After transfer to the uterus, the embryo must implant in the uterine lining and continue its development. In order to do this it must break out of its “shell”. This shell is called the zona pellucida. Embryos may have a harder than normal shell or they may lack the energy needed to break out and complete the “hatching” process. Embryologists can assist this hatching by make a small hole in the zona pellucida of the embryo on the third or fifth day of the embryo’s growth. This is done through a specially fitted laser microscope. The cells of the embryo can then escape from this hole and implant at an earlier time of development when the uterine lining may be more favourable.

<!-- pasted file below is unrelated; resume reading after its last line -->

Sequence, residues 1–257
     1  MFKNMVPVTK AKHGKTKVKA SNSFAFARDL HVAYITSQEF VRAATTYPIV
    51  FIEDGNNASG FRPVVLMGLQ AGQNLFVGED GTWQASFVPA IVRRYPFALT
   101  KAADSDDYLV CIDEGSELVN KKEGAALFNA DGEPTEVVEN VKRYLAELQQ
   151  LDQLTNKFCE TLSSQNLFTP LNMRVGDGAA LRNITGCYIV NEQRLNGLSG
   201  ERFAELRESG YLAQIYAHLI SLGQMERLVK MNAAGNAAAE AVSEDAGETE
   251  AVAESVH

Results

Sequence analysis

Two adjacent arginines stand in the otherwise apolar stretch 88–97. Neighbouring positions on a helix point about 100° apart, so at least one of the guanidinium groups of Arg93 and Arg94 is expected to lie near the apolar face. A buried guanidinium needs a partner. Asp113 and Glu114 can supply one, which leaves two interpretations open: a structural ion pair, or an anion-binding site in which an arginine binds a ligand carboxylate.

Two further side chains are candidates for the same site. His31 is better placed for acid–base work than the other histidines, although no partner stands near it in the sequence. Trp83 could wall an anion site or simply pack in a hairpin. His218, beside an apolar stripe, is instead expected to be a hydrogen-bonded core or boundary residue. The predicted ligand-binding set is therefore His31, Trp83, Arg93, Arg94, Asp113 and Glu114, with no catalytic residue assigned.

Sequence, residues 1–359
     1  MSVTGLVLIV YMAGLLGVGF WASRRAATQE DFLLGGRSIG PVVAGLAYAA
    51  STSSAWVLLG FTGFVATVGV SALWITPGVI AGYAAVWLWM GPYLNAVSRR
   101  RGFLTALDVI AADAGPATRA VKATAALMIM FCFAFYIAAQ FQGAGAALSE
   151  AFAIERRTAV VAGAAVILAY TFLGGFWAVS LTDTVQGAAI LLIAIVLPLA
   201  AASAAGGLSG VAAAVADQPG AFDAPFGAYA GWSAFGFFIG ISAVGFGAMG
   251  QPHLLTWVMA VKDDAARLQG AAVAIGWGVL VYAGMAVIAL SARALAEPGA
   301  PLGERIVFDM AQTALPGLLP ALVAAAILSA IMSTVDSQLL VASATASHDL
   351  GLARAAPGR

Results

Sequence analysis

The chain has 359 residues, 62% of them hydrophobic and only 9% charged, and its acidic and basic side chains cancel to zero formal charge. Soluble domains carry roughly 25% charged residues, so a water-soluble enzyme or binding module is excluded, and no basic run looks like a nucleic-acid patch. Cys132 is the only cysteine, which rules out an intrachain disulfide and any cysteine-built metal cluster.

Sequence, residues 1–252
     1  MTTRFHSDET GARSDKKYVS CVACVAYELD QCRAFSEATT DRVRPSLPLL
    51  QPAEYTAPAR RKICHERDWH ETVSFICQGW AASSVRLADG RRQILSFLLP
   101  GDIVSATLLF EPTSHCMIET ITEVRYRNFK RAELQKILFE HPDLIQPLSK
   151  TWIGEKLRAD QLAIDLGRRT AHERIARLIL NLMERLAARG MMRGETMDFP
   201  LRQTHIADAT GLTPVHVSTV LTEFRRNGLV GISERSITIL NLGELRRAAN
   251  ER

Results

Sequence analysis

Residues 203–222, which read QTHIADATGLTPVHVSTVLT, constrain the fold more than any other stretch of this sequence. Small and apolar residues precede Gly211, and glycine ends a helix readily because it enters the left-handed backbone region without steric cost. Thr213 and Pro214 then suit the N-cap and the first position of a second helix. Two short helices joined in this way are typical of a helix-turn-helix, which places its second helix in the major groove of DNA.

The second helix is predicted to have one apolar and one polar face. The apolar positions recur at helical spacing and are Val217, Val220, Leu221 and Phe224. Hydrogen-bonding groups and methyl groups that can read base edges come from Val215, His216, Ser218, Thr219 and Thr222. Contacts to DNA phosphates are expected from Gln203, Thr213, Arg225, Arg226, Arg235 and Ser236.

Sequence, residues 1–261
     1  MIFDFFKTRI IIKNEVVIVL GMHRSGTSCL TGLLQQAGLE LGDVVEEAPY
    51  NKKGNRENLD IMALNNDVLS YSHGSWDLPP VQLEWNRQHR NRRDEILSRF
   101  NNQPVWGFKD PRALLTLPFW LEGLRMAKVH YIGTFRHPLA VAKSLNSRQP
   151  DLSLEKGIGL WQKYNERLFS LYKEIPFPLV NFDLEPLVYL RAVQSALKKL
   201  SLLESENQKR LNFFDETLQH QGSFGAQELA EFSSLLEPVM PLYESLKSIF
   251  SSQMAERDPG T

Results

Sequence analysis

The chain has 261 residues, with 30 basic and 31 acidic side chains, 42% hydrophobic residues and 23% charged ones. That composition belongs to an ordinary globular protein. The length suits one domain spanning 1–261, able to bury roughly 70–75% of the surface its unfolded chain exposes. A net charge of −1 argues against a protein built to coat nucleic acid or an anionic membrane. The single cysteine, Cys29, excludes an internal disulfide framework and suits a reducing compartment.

Some embryos grown in the laboratory may have a harder shell than normal or may lack the energy requirements needed to complete the hatching process. The embryologists can help these embryos achieve successful implantation through a technique called assisted hatching.
On the third or fifth day of laboratory growth and shortly prior to uterine transfer, a small hole is made in the zona pellucida of the embryo with a specially fitted laser microscope. Through this opening, the cells of the embryo can escape from the shell and implant.
Patients who are most likely to benefit from assisted hatching are:
- over 38 years of age
- mildly elevated Day 3 FSH
- multiple ART failures
- identified abnormalities with the zona pellucida.